Italy: Alpine heights and lakeside sights in the Dolomites
The Italian Insider
Tom Sweeney finds his love of Italy reaching new heights in Val di Fassa and Lake Levico in the province of Trentino.
I was 2,400 metres up a mountain in Italy when two guys dangling from a green, white and red parachute floated past and wished me a cheery “buongiorno”.
A mirage in the Dolomites? I thought you only saw those in the desert.
“Tandem paragliding,” said my guide, Tomazo. “You strap yourself to the pilot and jump off the mountain. It’s very popular.”
Yeah – with lunatics.
The alpine scenery of Val di Fassa is breathtaking, which is why the hills were alive with the sound of wheezing.
Tomazo halted to give us a welcome rest and a little pep talk, but no oxygen, which I thought was a bit stingy.
“This is the limit of...” he began. “Human endurance?” I asked.
“No. The tree line. No trees grow above this altitude.”
Edelweiss does, and would do so in greater profusion if walkers didn’t keep bending to pick the delicate blooms.
In the valley floor far below, the ski resort of Canazei, devoid of snow in late June, had earlier appeared decidedly Austrian with a token nod to Italy during my after-breakfast stroll.
Beautifully ornate wooden chalets of all sizes, many of them hotels, some shops and others homes, had me expecting Julie Andrews and the Von Trapp gang to cycle past. One chalet looked like a giant cuckoo clock that might have been carved by Pinocchio's auld fella. On closer inspection it turned out to be an estate agent’s office, with the descriptions of properties for sale in Italian and German.
Moses-like, Tomazo led us out of the lofty wilderness and down a narrow goat track to a farmhouse-cum-inn where at noon the temperature was 20C on the terrace.
It was even hotter by the brick-built oven where our cheery host, in workaday lederhosen, was extracting freshly-baked loaves of rustic brown bread that would be served momentarily at lunch. Jugs of iced-water with a hint of Amaretto were plonked down on the tables and emptied in seconds.
Plates of cheese, ham and salami and big bowls of barley and vegetable stew appeared, all made in-house and delivered by the inn-keeper’s charming children.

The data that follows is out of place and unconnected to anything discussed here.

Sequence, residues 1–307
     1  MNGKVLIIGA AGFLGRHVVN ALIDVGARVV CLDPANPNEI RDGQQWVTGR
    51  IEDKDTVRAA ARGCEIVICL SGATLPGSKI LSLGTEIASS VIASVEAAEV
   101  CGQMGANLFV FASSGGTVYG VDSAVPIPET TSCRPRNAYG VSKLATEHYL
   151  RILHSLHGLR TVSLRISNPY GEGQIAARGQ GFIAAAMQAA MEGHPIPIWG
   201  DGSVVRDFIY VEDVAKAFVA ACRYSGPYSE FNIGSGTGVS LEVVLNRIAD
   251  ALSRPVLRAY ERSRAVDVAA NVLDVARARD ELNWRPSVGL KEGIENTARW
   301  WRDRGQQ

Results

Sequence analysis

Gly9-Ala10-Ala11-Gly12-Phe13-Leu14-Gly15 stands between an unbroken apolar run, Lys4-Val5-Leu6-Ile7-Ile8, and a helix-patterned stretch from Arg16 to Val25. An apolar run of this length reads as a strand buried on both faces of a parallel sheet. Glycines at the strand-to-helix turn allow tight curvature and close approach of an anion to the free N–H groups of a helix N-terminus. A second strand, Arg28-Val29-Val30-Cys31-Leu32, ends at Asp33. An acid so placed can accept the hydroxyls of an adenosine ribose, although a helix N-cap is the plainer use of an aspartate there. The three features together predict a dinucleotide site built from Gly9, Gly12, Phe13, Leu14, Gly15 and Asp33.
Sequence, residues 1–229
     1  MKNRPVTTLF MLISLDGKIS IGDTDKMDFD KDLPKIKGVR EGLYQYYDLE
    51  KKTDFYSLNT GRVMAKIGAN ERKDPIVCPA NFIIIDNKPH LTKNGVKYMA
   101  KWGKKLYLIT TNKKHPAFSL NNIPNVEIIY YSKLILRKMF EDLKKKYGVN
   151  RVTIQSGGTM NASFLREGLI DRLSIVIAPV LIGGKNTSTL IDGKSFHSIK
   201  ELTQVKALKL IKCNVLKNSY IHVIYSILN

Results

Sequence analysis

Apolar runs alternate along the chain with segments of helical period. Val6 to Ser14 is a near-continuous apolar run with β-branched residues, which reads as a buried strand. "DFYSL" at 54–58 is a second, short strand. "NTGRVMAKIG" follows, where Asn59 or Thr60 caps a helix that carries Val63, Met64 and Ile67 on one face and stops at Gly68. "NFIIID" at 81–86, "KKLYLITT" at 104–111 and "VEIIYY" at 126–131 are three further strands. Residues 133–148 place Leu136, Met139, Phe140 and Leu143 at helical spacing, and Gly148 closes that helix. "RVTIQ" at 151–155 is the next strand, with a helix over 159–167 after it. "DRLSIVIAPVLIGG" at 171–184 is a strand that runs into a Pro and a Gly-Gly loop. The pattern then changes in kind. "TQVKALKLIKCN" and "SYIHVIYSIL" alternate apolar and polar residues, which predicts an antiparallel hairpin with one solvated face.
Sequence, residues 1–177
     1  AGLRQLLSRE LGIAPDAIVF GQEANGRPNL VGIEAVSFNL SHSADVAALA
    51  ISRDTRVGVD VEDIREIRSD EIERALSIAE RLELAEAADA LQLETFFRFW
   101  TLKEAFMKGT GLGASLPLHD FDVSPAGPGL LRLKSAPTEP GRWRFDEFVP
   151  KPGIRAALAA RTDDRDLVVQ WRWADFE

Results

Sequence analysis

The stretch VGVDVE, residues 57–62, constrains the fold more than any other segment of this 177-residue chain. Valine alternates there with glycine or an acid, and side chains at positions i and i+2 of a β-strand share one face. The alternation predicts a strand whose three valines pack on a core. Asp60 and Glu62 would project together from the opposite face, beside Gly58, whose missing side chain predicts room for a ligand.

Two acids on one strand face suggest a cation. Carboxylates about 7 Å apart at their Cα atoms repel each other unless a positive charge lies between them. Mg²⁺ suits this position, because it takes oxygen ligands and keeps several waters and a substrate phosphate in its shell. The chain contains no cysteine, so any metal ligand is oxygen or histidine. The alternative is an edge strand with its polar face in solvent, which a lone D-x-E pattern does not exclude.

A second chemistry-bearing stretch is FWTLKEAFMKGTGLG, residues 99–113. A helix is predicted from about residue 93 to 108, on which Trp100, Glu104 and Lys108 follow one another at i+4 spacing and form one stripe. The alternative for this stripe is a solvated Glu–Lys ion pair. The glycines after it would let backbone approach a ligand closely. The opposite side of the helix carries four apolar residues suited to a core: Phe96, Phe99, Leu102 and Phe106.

Then came grappa, the local firewater, to fuel our 6km downhill trek to the Col Rodella cable car station from where we’d set out six hours before.
My hike was no stroll in the park, which was down to a lack of peak fitness, but it did show that you don’t have to be a skier or snowboarder to enjoy the delights of Val di Fassa.
Against a backdrop of soaring mountains and Alpine meadows and with a soundtrack of cowbells, screeching eagles and the whistling of comical jack-in-the-box marmots, summer in and above the valley is special.
I was in Italy with tour operator Crystal, which needs no introduction as a wintersports specialist. However, its middle-months Lakes and Mountains breaks are well-worth getting to know.
The Lido at Lake Levico
Having experienced the heights, it was time to take in lakeside sights.
I headed southwest from Val di Fassa along dizzyingly high winding roads with sheer, 1,000-metre drops (so I was told – I didn’t dare look) to Valsugana and reassuringly low-lying Lake Levico.
Compared with superstar lakes Como – where George Clooney has a villa that he’s reportedly selling – and Garda, Levico is a mere puddle, but in this case small is beautiful.
The Imperial Grand Hotel, where I stayed, isn’t small, but it’s beyond beautiful. A former summer palace of the Habsburgs who ruled the Austro-Hungarian empire, it’s the most opulent property in Crystal’s Summer portfolio.
Although my aching, sunburnt legs were in need of a good knead, I opted to skip a massage in the hotel’s renowned spa and spend the late afternoon by the pool, where I got chatting with manager Ruggero Zanoni, who was on his rounds.
Apart from his native Italian, Ruggero speaks fluent German, Dutch, Russian and English, the last with a Clydeside accent (his late wife was from Glasgow).
With his love of languages, it came as no surprise to learn he’s busy doing a YouTube crash course in Irish so he can welcome clients as gaeilge.
Castel Pergine proved to be great too. Sitting on its own mini mountain high above the lake and looking not unlike Colditz, it’s a place to escape to, not from.
As well as eat-anything-and-keep-it-coming gluttons like me, gluten-intolerant diners are well catered for and rave about the place, as do vegetarians and vegans.
I was loath to leave, and the idea of staying the night (the castle has rooms) was tempting, but a last-night-in-town nightcap or two with Ruggero won the toss.
With a few hours to kill the next morning before heading to Verona airport, I passed on taking a dip in the lake and opted instead to visit Levico’s 19th Century hilltop fortress.
As I walked up the steep path, I stopped to catch my breath by an arrowed signpost that read “Colle delle Benne – 1km”.
Now, my Italian isn’t great, but three years of Latin under Brother O’Keeffe told me I was halfway up the Hill of Benne.
In other words, Benny Hill.
I chuckled. I could hear the late comedian’s theme tune. I pictured him chasing all those scantily-clad young women around a park.
And all of a sudden, the hills were alive with the sound of giggling.
Get me there
Val di Fassa: Crystal Summer has a week’s stay at the four-star Hotel Campitello, half-board, from €665pps based on two sharing, including flights from Dublin and transfers, departing September 5.
Lake Levico: A week at the four-star Imperial Grand Hotel, half-board, from €779pps, including flights from Dublin and transfers, departing August 29.
See crystalsummer.ie or call 01 433-1080 for more.